Video shows Student Resource Officer Kyle Rooney talking to Narragansett High School student Michael Blanchette moments before the altercation on Feb. 9, 2018. (Image courtesy of ACLU of Rhode Island)
The American Civil Liberties Union of Rhode Island announced on Monday that it has settled a lawsuit against the Narragansett School System on behalf of a former student injured in an incident captured on the high school’s surveillance system in 2018.
The district has agreed to pay $75,000 in damages to Michael Blanchette, who was a student with special education needs at Narragansett High School when he was thrown to the floor in a hallway by Student Resource Officer Kyle Rooney. The school district did not admit liability in the incident, the ACLU notes.
Rhode Island Current reached out to the Narragansett School System for comment and received this emailed response:
“We’re referring all questions on this case to the Narragansett Police Department as we don’t comment on litigation.”
Narragansett Police Chief Sean Corrigan sent this email:
“Officer Rooney remains assigned to the High School. There was no fault found in this settlement. NPD thoroughly investigates all Use of Force incidents and I maintain my position that, in light of the totality of the circumstances, Officer Rooney’s actions were lawful and appropriate. I view the settlement as a business decision made in response to the substantial risk and expense of litigation.”
“We’re pleased that we were able to settle the suit and get Michale Blanchett some monetary relief,” said Steven Brown, executive director of the ACLU of Rhode Island. “This is one of many examples of school resource officers misusing their authority in the school setting.”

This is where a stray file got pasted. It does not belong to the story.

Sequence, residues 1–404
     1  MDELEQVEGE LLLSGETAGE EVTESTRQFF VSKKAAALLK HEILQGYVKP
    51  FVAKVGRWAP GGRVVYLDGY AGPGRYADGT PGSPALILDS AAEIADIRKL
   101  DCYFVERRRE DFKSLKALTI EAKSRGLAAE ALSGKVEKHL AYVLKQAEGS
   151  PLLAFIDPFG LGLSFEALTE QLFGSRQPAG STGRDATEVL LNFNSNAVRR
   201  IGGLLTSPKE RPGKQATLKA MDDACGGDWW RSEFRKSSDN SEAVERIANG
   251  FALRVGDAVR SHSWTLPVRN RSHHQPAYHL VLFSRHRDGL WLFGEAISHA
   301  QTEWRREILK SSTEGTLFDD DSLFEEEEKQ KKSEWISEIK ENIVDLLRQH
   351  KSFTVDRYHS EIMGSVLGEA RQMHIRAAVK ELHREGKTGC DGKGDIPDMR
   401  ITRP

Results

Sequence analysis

Amato DeLuca, Blanchett’s attorney, said he was happy that this matter is now resolved, but expressed disappointment with the lack of disciplinary action against Rooney.
Rooney is still listed as an SRO, according to the Narragansett Police Department’s website.
“They didn’t think he did anything wrong,” DeLuca said.
Thankfully, the Providence-based attorney said, Blanchette is doing well these days working in retail.
“He’s a really good kid, Michael’s come a really long way,” he said.
According to the lawsuit filed in U.S. District Court, Blanchette was walking through the hallway Feb. 9, 2018, when he was stopped and questioned by Rooney.
Blanchette had an individualized education plan which permitted him to walk the halls without a pass during certain periods of the day, the ACLU said.
Surveillance video, which does not have audio, shows Blanchette flipping Rooney off after an argument. While trying to walk away, Rooney slammed the then-11th grader to the floor and pinned him for several minutes before placing him under arrest.
“The video sort of speaks for itself, unfortunately,” Brown said. “The abuse of force is really startling.”
In his police report, according to the ACLU, Rooney claimed Blanchette “aggressively took a step” toward him. Rooney charged Blanchette with disorderly conduct and resisting arrest, but both charges were later dismissed.
“If that recording were not available, it would have never been challenged,” Brown said.
The ACLU argued that Rooney violated Blanchette’s Fourth Amendment right to be free from unreasonable searches and seizures, retaliated against Blanchette in violation of the First Amendment, and unlawfully assaulted and filed unfounded criminal charges against him.
This incident, Brown said, is one of many reasons why resource officers should handle things like they’re in a school, rather than from a policing standpoint. He added that officers can sometimes escalate minor incidents into major ones.
“Which is exactly what occurred here,” Brown said. “If Michael had given the finger to a teacher, he probably would have been subject to some sort of disciplinary action. Instead, you have a police officer dealing with it and he’s forcibly thrown to the ground.”
The ACLU also has a separate lawsuit pending against the Pawtucket School Department over another alleged incident involving a student resource officer and a teenaged student.
“To the extent you have police officers acting as police in the schools, this is going to continue happening,” Brown said.
The Narragansett Police Department Use of Force Policy can be viewed here at https://public.powerdms.com/NSETTPD/tree/documents/425521
Corrigan said the policy in place in 2018 at the time of the incident was substantially similar.
This story has been updated to include comment from Narragansett Police Chief Sean Corrigan.
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